My oldest son (age 9) and I were chatting about games and we remembered this very entertaining little title from last year. So I decided to dig it up from my regular column at Examiner.com and bring it here.]
Candygun Games’ Dead Block puts an entertaining, campy spin on B-horror movies, the 1950’s, and the Zombie Apocalypse. What causes zombies? Rock and Roll causes zombies—and it kills them, too.
Dead Block puts you in the shoes of one of three characters (Police woman Foxy Jones, Boy Scout Mike Bacon, and construction worker Jack Foster) in their chaotic bid to stay alive in the aftermath of a Rock and Roll induced Zombie Apocalypse.
What it is
Dead Block is a third-person ‘Action Defense’ game built with the Unreal Engine 3. Playing as one or more of the game’s protagonists, your job is to defend yourself against the encroaching, endless Zombie hordes while they come a knock-knock-knocking on your doors—and windows—and any other entrance they can find.
Ultimately, your goal isprotect yourself at all times,smash up furniture, collect resources, build blockades and traps, and survive long enough to meet the level’s objective. You can also smash zombies to death with melee weapons. To end a level, you must (generally) frantically keep smashing and searching until you locate three pieces of an electric guitar so you can rock and roll the zombies to death (which ends the level).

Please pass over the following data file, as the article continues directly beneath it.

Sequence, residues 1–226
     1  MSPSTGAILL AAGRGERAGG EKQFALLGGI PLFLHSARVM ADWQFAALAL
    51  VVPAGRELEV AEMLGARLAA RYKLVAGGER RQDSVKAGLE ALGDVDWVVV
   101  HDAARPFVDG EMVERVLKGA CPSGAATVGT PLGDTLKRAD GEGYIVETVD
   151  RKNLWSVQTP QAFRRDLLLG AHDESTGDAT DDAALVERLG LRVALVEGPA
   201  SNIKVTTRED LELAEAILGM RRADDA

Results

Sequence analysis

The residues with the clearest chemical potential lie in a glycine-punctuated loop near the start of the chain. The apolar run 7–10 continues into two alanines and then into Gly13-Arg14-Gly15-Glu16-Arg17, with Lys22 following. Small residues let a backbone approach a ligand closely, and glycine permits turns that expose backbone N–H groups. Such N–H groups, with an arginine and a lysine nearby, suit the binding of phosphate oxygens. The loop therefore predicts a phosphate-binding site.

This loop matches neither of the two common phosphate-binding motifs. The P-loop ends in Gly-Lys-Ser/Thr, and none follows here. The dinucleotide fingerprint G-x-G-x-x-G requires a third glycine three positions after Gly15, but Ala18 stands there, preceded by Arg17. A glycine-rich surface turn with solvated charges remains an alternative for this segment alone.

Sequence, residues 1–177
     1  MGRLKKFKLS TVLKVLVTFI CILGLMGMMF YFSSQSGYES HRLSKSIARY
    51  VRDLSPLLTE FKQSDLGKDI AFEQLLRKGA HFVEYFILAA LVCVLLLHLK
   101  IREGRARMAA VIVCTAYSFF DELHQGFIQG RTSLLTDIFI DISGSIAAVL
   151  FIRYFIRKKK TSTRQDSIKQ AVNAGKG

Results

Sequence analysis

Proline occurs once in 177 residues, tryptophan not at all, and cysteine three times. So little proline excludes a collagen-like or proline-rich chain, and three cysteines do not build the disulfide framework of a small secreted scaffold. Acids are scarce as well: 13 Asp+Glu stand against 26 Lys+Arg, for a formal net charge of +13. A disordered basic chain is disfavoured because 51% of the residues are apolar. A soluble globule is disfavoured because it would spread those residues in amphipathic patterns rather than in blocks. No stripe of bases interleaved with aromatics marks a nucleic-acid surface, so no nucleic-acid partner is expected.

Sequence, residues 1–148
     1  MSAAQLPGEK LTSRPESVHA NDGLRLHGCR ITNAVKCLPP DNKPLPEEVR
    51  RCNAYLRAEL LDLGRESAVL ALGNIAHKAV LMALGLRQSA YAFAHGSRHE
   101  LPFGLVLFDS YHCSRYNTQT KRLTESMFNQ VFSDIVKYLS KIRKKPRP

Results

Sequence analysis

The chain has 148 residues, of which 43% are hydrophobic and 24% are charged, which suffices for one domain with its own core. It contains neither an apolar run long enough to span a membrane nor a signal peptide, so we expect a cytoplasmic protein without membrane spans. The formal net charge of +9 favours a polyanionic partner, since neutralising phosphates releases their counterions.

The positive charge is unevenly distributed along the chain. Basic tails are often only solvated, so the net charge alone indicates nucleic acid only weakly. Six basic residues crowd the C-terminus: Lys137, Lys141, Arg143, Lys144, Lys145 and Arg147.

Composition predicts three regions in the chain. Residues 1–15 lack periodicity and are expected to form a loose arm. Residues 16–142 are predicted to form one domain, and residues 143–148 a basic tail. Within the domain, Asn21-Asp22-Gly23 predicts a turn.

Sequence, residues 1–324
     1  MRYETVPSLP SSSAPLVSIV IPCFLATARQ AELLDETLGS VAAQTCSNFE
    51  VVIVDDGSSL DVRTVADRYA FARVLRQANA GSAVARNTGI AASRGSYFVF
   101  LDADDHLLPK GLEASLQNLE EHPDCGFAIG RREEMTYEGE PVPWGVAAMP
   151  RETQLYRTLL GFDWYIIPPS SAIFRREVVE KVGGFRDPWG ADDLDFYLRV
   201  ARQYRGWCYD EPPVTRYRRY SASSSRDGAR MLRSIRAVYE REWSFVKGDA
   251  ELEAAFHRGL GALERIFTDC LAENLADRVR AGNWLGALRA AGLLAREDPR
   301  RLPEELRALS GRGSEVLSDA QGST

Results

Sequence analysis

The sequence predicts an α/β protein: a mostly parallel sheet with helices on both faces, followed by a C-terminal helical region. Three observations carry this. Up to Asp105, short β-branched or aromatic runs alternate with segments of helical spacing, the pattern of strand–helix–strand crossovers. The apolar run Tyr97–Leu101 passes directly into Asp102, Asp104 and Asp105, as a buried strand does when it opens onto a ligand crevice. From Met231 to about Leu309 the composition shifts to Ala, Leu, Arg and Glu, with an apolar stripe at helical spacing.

How it plays
Although you start the game as one character, once you “free” one of the other characters they will help you. In addition, you can take control of the character, which puts your currently controlled character on AI (artificial intelligence).
Each character has unique characteristics, which includes a melee weapon, a “smart bomb” special ability, and an arsenal of traps. These can all be upgraded as you progress through the game as well.
For example, Jack Foster builds the strongest blockades when he boards up a window or doorway (he’s a construction worker, after all). Foxy searches things the fastest. Mike Bacon is—despite his considerable girth—the quickest.
Various traps include Jack’s “Freeze Trap”, which freezes zombies, and Foxy’s “Bomb Trap” which blows the crap out of them. Each character can board up windows and doorways, and has 3 traps at their disposal.